The Income-Tax Act is proposed to be amended to rule out cash settlement of any transaction over the value of Rs3 lakh. In the normal course, the goods and services tax (GST) would have eliminated cash payment even for much lower-value transactions—in product markets, that is. But how such a ruling is to be enforced in the urban house rental market, or in contractual payments in the informal sector, is not clear at all. In urban real estate sale transactions, where cash plays (or has hitherto played) a major supplementary role to a formal component routed through banks, it cannot be enforced at all. These are the more intractable segments of the black economy where reform can be achieved only at a measured and carefully sequenced pace over a long period of time.
Another measure that will defy enforcement is the Rs2,000 limit on the cash donation any single individual can make to a political party (is that per year?). Larger amounts have to be made through formal cashless channels. There is no explicit reference to corporate contributions, but by implication they are denied the option of donations in cash. There is no mention of how this can be enforced.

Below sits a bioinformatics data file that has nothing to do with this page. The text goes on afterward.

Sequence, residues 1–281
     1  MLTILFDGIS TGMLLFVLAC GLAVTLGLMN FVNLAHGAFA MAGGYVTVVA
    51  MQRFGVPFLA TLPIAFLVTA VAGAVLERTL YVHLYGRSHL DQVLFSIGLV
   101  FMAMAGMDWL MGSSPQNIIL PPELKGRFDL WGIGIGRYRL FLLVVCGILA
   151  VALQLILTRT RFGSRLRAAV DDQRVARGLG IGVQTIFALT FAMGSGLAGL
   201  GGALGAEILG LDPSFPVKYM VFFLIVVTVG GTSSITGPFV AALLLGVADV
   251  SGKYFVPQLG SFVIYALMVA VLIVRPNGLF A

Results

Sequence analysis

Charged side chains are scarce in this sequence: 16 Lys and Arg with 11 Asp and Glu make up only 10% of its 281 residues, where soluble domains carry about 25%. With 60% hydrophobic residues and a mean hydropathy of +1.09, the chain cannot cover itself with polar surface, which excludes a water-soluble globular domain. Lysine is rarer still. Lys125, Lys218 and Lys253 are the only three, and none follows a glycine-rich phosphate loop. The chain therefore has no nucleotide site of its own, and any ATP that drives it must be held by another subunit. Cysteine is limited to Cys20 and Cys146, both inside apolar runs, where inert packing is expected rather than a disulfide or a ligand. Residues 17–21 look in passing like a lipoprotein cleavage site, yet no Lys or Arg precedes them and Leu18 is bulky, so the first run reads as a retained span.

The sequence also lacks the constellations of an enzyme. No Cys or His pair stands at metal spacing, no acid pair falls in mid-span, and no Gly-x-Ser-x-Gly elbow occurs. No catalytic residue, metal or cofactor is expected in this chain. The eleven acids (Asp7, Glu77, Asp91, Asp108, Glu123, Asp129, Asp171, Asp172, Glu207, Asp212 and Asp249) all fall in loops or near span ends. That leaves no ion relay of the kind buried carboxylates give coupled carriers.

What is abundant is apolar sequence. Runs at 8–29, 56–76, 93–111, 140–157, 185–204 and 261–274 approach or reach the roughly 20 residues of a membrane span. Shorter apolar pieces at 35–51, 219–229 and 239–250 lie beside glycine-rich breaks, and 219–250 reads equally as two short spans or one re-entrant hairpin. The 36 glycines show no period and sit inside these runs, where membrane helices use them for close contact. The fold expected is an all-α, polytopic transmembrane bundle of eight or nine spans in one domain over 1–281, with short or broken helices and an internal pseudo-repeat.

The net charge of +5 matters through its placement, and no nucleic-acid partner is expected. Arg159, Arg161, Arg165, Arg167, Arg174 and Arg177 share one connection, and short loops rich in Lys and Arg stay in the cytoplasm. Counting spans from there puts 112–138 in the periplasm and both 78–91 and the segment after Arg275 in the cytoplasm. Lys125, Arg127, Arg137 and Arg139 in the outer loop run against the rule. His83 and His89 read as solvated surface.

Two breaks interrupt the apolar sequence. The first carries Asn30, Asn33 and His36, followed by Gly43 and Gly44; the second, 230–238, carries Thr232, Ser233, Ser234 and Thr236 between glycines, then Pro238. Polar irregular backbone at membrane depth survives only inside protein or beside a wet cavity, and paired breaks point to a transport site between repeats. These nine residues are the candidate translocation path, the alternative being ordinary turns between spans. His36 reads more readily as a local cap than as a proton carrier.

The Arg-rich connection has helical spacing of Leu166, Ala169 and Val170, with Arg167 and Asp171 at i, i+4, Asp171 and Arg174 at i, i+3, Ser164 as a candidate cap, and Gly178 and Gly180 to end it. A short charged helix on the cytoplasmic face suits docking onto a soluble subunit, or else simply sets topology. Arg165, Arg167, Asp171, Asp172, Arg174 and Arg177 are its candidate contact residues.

I found the idea of electoral bonds bought by a donor, redeemable in the account of a registered political party, very innovative, perhaps the most interesting budget idea in a long time. This could, however, lead to a further proliferation of fake political parties, an issue the Election Commission is already grappling with. Also, unless electoral bonds are given an income-tax deduction of the kind currently available for political contributions under sections 80GGB and 80GGC of the Income-Tax Act, they might not prove very popular. As for political parties having to file income-tax returns, this will actually happen only if it is made a legal precondition for a political party to contest an election at any level.
Meanwhile, cashless India is party time for foreign manufacturers of point-of-sale (POS) card readers and fingerprint and iris readers/scanners, especially after the elimination in the budget of basic and additional customs duty on such machines. Why did no domestic entrepreneur see this market coming when Aadhaar kicked off as long ago as 2009. What was the department of industrial policy and promotion (Dipp) doing?